The illustrations allow us to read Derek’s emotions, first when he feels rejected and then as he sets about on his desperate attempt to win Tom’s affections back. They are also funny. It is difficult not to laugh at Derek strutting down the street, bedecked with bows. The reader knows ahead of Derek that his attempts aren’t working. This is a powerful form of humour which puts the reader in charge.

A book full of laughs and fuzzy-moments. A lovely bedtime story. 

Thanks to Maverick Books for my copy of AdoraBull. Opinions my own.

Louise Nettleton



Picture Book Reviews · Picture Books

Review: Kaya’s Heart Song by Diwa Tharan Sanders

heartsongbanner.jpgimg_5015 With increasing pressure on children to achieve good results, maintain friendships and to grow up in a world of non-stop information, it is important to teach them the importance of relaxation and living in the moment. It is also important for children to make the link between relaxation and increased happiness. 

img_5076When Mama hums it helps her to relax. She calls it her heart song. Humming helps her to move into a state of awareness known as mindfulness. Kaya sets off in search of her own heart song. Along the way she helps Pak to reawaken the magical elephant carousel. The reader is encouraged to find their own heart song through play and adventure. A message at the back gives some additional information about mindfulness.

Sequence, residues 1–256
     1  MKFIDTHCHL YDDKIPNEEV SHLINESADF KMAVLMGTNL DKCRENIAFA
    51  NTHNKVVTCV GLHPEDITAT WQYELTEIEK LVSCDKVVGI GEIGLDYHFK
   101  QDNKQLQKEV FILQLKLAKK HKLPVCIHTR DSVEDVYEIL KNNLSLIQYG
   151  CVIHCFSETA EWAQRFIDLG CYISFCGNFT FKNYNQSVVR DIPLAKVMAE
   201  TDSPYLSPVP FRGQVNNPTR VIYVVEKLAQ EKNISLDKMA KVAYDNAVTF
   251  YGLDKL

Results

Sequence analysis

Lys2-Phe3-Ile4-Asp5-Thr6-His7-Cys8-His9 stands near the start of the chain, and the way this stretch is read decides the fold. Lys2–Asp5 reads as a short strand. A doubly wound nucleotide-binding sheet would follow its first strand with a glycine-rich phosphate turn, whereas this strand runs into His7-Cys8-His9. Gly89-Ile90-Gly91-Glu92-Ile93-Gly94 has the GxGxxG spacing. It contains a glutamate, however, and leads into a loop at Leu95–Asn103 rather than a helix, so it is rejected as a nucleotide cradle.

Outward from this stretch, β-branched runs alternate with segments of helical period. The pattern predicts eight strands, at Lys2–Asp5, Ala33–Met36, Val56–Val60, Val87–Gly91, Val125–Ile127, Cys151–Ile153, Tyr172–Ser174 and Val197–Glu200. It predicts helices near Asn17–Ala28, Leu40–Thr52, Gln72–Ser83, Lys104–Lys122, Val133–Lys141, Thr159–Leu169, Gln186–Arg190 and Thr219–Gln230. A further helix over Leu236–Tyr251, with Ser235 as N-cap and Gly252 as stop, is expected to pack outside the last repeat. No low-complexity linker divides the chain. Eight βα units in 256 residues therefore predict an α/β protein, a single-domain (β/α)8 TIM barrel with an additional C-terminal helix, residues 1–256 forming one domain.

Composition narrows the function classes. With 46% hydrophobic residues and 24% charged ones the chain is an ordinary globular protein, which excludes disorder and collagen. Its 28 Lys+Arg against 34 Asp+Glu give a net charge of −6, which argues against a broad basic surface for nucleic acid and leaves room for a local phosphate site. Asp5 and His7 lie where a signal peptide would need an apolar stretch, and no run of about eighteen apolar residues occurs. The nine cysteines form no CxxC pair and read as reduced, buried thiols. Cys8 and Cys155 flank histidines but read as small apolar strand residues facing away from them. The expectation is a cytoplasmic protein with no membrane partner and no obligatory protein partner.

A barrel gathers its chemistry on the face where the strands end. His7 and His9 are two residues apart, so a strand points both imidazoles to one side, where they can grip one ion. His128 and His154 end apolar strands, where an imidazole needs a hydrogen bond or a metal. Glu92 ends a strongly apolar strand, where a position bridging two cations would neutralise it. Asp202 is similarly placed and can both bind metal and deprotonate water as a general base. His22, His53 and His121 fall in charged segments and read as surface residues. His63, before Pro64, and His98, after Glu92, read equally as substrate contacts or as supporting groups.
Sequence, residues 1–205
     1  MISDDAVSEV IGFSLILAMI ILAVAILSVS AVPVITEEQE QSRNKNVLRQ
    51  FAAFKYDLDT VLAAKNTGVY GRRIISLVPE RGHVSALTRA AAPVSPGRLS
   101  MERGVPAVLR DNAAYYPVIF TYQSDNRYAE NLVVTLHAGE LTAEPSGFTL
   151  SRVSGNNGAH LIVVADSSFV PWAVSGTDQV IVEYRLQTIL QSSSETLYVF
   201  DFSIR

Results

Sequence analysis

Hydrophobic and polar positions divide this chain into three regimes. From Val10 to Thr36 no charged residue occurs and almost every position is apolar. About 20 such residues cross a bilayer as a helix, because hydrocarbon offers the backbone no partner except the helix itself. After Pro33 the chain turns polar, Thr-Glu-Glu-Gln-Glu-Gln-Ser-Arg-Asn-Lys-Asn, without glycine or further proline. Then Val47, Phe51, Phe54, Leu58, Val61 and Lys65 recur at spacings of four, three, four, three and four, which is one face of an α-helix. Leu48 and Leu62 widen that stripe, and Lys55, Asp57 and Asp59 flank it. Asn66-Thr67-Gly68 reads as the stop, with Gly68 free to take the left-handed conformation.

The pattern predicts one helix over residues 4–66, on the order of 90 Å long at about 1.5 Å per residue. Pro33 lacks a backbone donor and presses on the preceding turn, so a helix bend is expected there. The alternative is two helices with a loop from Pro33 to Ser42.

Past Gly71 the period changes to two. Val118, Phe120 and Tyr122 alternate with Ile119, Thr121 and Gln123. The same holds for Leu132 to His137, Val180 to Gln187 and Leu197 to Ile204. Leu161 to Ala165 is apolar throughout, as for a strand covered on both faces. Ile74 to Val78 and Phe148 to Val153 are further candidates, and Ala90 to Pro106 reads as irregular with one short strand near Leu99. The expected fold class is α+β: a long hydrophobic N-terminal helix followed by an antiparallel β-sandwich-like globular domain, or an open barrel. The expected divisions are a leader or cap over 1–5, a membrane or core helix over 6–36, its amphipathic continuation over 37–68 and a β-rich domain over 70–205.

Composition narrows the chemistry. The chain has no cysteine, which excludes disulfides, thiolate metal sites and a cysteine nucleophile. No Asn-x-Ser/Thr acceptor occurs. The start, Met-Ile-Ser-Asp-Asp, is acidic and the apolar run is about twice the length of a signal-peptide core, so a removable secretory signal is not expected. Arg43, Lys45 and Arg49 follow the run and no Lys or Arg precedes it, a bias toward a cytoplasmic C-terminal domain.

The artwork is beautiful. Jewel-bright elephants and flowers stand out against a calming green background. The pictures, like the text, encourage a state of calm. 

A couple of reviews have suggested that this would be too abstract for the youngest picture book readers, but I don’t think that is the case. The reader may not understand the concept of mindfulness when it is explained to them, but they can explore the difference between calm and excitement. 

img_5078Lantana’s mission is to redress the balance seen in publishing so that children of all nationalities see themselves represented in fiction. Representation goes beyond skin colour – imagine if the food you ate or the words you used were never shown in fiction. Kaya’s Heart Song is set in Malaysia and shows children from different backgrounds together on the carousel. 

A beautiful addition to any bookshelf, and a great resource for mindfulness and relaxation. 


Thank you to Lantana Publishing for sending a copy of the book. Opinions my own.

Louise Nettleton.

Picture Book Reviews

Review: Real Life Mysteries by Susan Martineau and Vicky Barker



Real-Life Mysteries is a fantastic book which has been nominated for the Blue Peter Award. It is the ideal book for helping young children understand the topic of 2017: Fake News. Real-Life Mysteries works on two layers.